For Debra Preedy, it started out last September as just a normal night of sleeping on the edge of her bed.
And then, the 61-year-old rolled out of bed.
“I was sound asleep and had a silly accident,” she said. “I fell out of bed onto my hardwood floor. I fell square onto my right shoulder. It felt like hitting cement. My husband Frank jumped right out of bed and told me not to move. He wanted to make sure I didn’t break anything,” Debra recalled.
While nothing appeared broken, her right arm real hurt and she could not lift it.
Enter orthopedic surgeon Scott Doroshow of St. Luke’s Orthopedic Care in Quakertown, who specializes in surgery of the shoulder and knee. He ordered an MRI that showed an acute traumatic tear to the rotator cuff in her right shoulder.
“When you have a traumatic tear of the rotator cuff, that’s when you want to have it fixed early,’ Dr. Doroshow said. “If you don’t, you can have fatty atrophy of the rotator cuff where the muscle no longer is being used and it replaces the muscle with fat, and that can lead to the muscle not regenerating totally.”
The rotator cuff is a group of four tendons that makeup the main muscle of the shoulder that moves your arm. She did damage to all four tendons, but completely tore the supraspinatus, the tendon responsible for lifting the arm.
Dr. Doroshow performed a minimally invasive procedure using arthroscopic surgery to repair the tendon. By making a few small incisions into the shoulder and filling it with fluid, he inserted the proper surgical tools, along with a camera. The image inside was displayed on a large TV screen so that he could see the procedure exactly without the need to make a big incision into the shoulder. He used anchors and permanent stitches to complete the repair.
Then came the hard part.
Debra, who works in the Bucks County District Courts, was out of work for three months. She wore a sling with an immobilizer pillow on it almost 24/7 for six weeks, and began physical therapy with JoAnn Redmond, PT, DPT of Physical Therapy at St. Luke’s in Quakertown just one week after the surgery.
“After people have rotator cuff repairs, they come to physical therapy having been told they are not allowed to move their arm,” Dr. Redmond said. “They’re in an immobilizer, and we take it out of the immobilizer and start moving. I think for a lot of people, that’s a scary thing. Our job is to guide them through the rehab process and help them feel confident with their recovery. Debra was a great patient. She had a good attitude and was very motivated.”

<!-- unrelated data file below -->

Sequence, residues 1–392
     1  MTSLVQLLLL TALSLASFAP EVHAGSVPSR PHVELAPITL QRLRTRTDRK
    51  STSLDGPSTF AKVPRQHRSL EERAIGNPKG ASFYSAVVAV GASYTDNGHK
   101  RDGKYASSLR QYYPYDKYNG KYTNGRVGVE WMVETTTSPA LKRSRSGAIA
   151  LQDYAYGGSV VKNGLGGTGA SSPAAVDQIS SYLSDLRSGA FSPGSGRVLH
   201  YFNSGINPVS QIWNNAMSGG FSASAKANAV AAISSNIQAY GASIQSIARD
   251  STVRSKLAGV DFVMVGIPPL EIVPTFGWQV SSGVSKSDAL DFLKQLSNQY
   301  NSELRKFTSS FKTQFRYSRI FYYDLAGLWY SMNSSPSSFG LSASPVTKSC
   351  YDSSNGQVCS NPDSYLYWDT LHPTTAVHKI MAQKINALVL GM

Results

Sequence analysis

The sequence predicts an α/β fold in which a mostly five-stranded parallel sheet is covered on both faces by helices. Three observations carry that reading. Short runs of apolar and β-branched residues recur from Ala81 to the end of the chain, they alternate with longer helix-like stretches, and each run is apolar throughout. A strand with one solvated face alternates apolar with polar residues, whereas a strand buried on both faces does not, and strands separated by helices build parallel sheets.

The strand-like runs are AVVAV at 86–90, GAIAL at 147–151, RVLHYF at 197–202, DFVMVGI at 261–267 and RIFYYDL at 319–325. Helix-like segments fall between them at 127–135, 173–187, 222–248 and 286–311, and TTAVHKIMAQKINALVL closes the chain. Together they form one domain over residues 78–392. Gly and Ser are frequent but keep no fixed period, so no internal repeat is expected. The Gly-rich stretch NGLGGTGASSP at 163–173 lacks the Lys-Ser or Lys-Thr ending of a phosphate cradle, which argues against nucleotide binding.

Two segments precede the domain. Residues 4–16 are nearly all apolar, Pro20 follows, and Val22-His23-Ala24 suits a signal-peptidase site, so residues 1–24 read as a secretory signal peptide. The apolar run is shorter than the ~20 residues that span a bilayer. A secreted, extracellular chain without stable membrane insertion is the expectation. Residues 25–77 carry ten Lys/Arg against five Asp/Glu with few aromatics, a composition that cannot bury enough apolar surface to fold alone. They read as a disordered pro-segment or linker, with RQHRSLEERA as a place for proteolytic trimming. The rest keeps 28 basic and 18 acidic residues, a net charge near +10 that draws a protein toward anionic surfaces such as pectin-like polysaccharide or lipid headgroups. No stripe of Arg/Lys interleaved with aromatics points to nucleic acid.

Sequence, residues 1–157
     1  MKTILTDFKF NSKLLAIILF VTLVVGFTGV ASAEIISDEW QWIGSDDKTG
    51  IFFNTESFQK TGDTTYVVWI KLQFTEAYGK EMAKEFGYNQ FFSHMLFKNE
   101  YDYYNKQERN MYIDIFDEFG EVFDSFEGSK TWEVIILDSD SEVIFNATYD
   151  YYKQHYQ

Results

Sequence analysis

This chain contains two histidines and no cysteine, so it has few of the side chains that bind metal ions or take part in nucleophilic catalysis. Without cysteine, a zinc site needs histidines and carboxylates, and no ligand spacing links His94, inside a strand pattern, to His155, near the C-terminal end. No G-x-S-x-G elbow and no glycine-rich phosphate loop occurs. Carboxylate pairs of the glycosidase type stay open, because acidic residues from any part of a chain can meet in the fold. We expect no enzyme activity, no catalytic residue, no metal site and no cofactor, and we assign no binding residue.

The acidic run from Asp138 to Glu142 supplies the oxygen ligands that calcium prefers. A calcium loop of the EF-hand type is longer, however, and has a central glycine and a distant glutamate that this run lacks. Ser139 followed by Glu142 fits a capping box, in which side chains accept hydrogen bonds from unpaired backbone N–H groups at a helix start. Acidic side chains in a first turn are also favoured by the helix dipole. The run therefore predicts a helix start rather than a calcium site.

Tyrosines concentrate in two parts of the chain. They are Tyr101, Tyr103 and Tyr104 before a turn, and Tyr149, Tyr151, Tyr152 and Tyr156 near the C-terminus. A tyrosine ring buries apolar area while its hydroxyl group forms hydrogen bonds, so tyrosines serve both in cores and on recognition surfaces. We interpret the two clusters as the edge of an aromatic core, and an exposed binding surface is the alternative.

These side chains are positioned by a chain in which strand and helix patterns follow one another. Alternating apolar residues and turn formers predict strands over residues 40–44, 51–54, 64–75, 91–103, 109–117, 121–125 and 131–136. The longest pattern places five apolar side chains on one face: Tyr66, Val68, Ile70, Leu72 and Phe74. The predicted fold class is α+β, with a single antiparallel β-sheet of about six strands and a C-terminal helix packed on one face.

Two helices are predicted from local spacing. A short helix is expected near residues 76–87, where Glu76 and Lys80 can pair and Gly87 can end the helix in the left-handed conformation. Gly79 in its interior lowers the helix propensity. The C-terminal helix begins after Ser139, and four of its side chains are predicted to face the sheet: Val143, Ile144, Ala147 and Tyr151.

“She was excellent,” Debra said of Dr. Redmond. “Dr. Doroshow picked JoAnn for me. He said she was the best with the shoulder and she truly was. Dr. Doroshow was giving me instructions as well. I followed everything they told me to do. I exercised during physical therapy, and then they told me to rest it the rest of the time because everything had to adhere.”
Trying to remain in a comfortable, pain-free position while asleep was a challenge. After about 10 days, the pain settled down and Debra slept better.
Debra was cleared to go back to work on Jan. 2 with a full range of motion in her shoulder and the restriction that she could not lift more than two pounds.
“The important thing about physical therapy is that we empower our patients to get better,” Dr. Redmond said. “It’s a big part of what we do, to make our patients independent in managing their own recovery. We need to make them confident and guide them in what they do.”
In May, she finally returned to the spin cycling classes she loves so much with no pain,
“Now I go about my normal business because it doesn’t hurt at all,” she said. I’m very lucky and very pleased. I know that some people don’t get this type of recovery.
“Dr. Doroshow is a wonderful doctor and explained everything to me in terms I could understand. I have not met many doctors like him. He was concerned about my recovery. I would recommend him in a second if someone needed a shoulder or knee surgery. He’s young and up on all the newest techniques. “